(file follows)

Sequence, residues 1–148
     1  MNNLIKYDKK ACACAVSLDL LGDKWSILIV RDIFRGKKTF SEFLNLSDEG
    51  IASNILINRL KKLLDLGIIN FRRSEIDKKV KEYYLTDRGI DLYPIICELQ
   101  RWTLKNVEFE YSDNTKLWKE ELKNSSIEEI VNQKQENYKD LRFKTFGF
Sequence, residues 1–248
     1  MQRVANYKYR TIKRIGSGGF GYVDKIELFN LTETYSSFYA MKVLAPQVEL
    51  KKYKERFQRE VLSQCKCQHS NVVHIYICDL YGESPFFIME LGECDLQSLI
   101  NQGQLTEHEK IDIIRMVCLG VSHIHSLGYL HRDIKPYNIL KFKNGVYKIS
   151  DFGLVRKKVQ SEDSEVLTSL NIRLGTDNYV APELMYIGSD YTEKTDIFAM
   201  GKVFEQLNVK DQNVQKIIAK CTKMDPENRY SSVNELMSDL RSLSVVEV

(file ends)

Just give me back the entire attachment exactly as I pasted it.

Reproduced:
Sequence, residues 1–148
     1  MNNLIKYDKK ACACAVSLDL LGDKWSILIV RDIFRGKKTF SEFLNLSDEG
    51  IASNILINRL KKLLDLGIIN FRRSEIDKKV KEYYLTDRGI DLYPIICELQ
   101  RWTLKNVEFE YSDNTKLWKE ELKNSSIEEI VNQKQENYKD LRFKTFGF
Sequence, residues 1–248
     1  MQRVANYKYR TIKRIGSGGF GYVDKIELFN LTETYSSFYA MKVLAPQVEL
    51  KKYKERFQRE VLSQCKCQHS NVVHIYICDL YGESPFFIME LGECDLQSLI
   101  NQGQLTEHEK IDIIRMVCLG VSHIHSLGYL HRDIKPYNIL KFKNGVYKIS
   151  DFGLVRKKVQ SEDSEVLTSL NIRLGTDNYV APELMYIGSD YTEKTDIFAM
   201  GKVFEQLNVK DQNVQKIIAK CTKMDPENRY SSVNELMSDL RSLSVVEV